UW-Madison researchers tackle bias in algorithms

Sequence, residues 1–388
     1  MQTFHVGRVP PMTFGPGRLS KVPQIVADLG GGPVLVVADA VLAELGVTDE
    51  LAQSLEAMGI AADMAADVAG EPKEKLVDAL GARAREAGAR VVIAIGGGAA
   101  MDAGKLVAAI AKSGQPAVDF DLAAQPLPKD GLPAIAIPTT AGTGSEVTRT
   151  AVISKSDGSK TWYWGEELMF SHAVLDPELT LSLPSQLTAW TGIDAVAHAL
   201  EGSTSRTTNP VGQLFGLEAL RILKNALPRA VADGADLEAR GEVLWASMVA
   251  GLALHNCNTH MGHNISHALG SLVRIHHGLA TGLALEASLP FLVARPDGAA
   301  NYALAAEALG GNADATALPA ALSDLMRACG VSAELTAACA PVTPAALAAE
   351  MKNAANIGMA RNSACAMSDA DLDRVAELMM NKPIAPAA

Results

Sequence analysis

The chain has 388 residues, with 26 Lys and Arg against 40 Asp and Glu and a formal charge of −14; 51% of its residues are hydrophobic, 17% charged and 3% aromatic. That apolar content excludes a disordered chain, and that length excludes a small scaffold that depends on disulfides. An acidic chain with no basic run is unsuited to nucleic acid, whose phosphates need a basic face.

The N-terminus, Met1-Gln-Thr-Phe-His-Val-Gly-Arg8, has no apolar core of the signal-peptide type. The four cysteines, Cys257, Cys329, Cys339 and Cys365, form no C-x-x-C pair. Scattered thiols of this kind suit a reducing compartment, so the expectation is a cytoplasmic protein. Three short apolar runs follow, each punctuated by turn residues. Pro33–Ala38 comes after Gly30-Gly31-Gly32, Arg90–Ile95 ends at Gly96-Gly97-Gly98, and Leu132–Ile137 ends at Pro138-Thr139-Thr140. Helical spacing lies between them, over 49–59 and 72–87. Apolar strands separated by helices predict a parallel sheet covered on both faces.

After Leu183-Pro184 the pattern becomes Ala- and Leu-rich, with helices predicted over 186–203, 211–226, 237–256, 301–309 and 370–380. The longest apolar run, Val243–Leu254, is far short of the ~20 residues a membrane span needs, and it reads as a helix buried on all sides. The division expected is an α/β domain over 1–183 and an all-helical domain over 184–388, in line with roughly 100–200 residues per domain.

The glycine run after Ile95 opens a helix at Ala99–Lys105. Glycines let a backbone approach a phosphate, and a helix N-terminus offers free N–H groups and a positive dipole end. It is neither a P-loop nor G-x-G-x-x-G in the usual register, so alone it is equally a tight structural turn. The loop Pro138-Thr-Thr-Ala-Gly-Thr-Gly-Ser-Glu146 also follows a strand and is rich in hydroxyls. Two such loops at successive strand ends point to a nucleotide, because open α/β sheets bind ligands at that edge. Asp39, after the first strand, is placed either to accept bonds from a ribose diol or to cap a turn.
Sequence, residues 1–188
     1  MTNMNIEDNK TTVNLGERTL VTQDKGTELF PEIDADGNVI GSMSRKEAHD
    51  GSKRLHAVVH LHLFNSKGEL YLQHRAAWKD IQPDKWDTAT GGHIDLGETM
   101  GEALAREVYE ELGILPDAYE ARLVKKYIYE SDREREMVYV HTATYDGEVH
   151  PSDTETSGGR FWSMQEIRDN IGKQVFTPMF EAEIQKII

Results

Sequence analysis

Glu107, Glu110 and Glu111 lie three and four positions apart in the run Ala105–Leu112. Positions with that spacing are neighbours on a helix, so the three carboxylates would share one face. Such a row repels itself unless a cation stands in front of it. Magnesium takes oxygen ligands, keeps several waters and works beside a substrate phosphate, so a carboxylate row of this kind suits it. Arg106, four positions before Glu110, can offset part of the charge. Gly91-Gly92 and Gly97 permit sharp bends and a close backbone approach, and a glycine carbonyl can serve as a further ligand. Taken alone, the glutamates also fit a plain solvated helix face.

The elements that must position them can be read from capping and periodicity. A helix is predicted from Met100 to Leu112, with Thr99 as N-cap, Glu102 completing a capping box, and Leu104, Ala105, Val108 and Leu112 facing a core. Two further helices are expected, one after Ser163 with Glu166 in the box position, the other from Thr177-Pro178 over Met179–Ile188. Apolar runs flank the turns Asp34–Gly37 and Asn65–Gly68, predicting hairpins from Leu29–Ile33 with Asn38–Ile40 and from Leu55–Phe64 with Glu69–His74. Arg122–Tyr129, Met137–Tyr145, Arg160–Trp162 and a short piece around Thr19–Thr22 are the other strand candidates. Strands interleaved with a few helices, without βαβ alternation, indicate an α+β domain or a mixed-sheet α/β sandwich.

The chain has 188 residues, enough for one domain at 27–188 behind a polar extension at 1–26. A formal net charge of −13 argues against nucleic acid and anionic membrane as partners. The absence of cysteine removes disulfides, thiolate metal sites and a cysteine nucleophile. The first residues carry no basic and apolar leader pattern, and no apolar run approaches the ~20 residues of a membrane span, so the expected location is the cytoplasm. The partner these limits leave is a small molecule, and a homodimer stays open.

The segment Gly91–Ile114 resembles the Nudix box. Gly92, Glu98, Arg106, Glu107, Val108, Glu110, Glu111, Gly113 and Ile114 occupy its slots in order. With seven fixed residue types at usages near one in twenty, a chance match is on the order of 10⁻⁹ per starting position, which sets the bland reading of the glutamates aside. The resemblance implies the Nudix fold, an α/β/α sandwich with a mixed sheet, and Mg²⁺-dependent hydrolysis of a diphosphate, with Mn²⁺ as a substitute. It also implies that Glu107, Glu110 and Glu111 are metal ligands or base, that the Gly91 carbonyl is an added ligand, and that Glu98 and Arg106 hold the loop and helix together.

If you’ve ever applied for a loan or checked your credit score, algorithms have played a role in your life. These mathematical models allow computers to use data to predict many things — who is likely to pay back a loan, who may be a suitable employee, or whether a person who has broken the law is likely to reoffend, to name just a few examples. Yet while some may assume that computers remove human bias from decision-making, research has shown that is not true. Biases on the part of those designing algorithms, as well as biases in the data used by an algorithm, can introduce human prejudices into a situation. A seemingly neutral process becomes fraught with complications. For the past year, University of Wisconsin–Madison faculty in the Department of Computer Sciences have been working on tools to address unfairness in algorithms. Now, a $1 million grant from the National Science Foundation will accelerate their efforts. Their project, “Formal Methods for Program Fairness,” is funded through NSF’s Software and Hardware Foundations program. UW-Madison computer science professors Aws Albarghouthi, Shuchi Chawla, Loris D’Antoni and Jerry Zhu are leading the development of a tool called FairSquare. Computer sciences graduate students Samuel Drews and David Merrell are also involved. What sets FairSquare apart is that it will not only detect bias, but also employ automated solutions. “Ultimately, we’d like this to be a regulatory tool when you’re deploying an algorithm making sensitive decisions. You can verify it’s indeed fair, and then fix it if it’s not,” says Albarghouthi. Decision-making algorithms can be mysterious even to those who use them, say the researchers, making a tool like FairSquare necessary.”


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